ROME (Reuters) – A Franco-Italian railway link would be a waste of public money and have a “strongly negative” financial impact, Italy’s transport ministry said on Tuesday in a report that will heighten tensions within the coalition.
Work has already started on a 58-km (36-mile) tunnel that cuts through the Alps and is forecast to cost 8.6 billion euros ($9.7 billion), with France and the European Union joining with Italy to foot the bill.
The whole rail link, which is backed by the ruling League party but fiercely opposed by its government partner the 5-Star Movement, has a price tag of more than 20 billion euros, Italy’s transport ministry says.
The 79-page cost-benefit analysis estimated that the cost of building the so-called TAV route and its projected economic return produced a negative balance of between 7.0-7.8 billion euros ($7.9-$8.8 billion).
“As everyone can now see for themselves, the numbers of this economic and transport analysis are extremely negative,” said Transport Minister Danilo Toninelli, a 5-Star politician who commissioned the contested report.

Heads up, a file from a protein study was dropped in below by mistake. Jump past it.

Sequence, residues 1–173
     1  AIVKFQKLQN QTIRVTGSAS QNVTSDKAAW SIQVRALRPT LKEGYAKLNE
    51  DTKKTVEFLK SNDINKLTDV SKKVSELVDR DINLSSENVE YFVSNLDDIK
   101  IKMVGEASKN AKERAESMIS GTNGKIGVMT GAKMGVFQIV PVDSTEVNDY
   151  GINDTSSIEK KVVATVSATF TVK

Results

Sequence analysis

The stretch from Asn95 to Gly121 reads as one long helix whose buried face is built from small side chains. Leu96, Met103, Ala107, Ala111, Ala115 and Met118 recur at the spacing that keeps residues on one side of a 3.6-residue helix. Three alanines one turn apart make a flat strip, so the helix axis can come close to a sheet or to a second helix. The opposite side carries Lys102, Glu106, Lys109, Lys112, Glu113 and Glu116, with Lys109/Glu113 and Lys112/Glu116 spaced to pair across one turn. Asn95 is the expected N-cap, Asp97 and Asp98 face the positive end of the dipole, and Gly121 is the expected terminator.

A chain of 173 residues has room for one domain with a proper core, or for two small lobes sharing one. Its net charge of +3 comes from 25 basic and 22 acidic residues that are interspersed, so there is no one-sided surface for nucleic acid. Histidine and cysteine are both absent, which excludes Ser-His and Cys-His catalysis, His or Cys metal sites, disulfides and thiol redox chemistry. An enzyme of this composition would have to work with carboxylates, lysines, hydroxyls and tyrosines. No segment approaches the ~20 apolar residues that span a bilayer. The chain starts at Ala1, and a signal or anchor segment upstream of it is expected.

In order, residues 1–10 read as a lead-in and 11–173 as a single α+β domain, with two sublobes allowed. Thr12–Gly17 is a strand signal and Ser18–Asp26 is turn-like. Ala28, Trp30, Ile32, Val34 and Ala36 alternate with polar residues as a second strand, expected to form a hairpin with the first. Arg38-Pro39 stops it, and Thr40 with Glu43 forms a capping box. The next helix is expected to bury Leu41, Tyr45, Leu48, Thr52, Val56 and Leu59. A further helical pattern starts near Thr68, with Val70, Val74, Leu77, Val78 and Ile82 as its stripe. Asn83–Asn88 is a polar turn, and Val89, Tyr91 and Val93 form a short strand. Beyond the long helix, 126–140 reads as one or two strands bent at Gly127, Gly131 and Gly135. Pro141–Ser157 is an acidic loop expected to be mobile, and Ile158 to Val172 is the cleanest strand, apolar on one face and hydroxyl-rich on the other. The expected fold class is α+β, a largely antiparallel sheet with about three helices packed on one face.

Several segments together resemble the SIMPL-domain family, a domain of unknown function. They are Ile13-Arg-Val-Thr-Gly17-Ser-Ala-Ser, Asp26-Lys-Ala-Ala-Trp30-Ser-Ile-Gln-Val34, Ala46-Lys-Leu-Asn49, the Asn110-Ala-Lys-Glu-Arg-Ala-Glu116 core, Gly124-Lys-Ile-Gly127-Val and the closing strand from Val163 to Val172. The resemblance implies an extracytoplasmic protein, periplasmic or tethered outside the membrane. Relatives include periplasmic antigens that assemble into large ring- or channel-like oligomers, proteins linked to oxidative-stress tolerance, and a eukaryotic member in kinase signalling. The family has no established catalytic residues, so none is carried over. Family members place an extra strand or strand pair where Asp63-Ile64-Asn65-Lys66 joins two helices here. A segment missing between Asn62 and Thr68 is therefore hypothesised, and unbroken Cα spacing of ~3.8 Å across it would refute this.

“It is now up to the government to make a decision.”
The far-right League says the line connecting the French city of Lyon with Turin is vital to Italy’s export-driven economy. It made no immediate comment on Tuesday.
5-Star has repeatedly said it will never sanction the project while it remains in power. League leader Matteo Salvini has suggested a referendum to decide the matter.
OFF THE RAILS
A separate analysis published by Italy’s transport ministry predicted that it could cost up to 1.3 billion euros to halt work at this stage through possible contract penalties.
France agreed last December to freeze new contracts on the tunnel boring operation until the Italian government, which took office last June, had completed the cost-benefit analysis.
Relations between Paris and Rome have since deteriorated and President Emmanuel Macron last week recalled France’s ambassador to Rome following a war of words with both the League and 5-Star, which have accused Paris of undermining Italy’s economic, foreign and migrant policies.
France and Italy are respectively each others’ second biggest trading partners and business leaders on both sides of the Alps say the TAV will facilitate commerce.
Rome is also at loggerheads with the European Commission over its plans for an expansive, 2019 budget. However, Toninelli said these disputes had no bearing over the TAV analysis.
“I want to stress that the negative evaluation of the Turin-Lyon link that emerges from this analysis is not against the EU or against France,” he said.
Reporting by Stefano Bernabei and Giselda Vagnoni; Writing by Crispian Balmer; Editing by Alexander Smith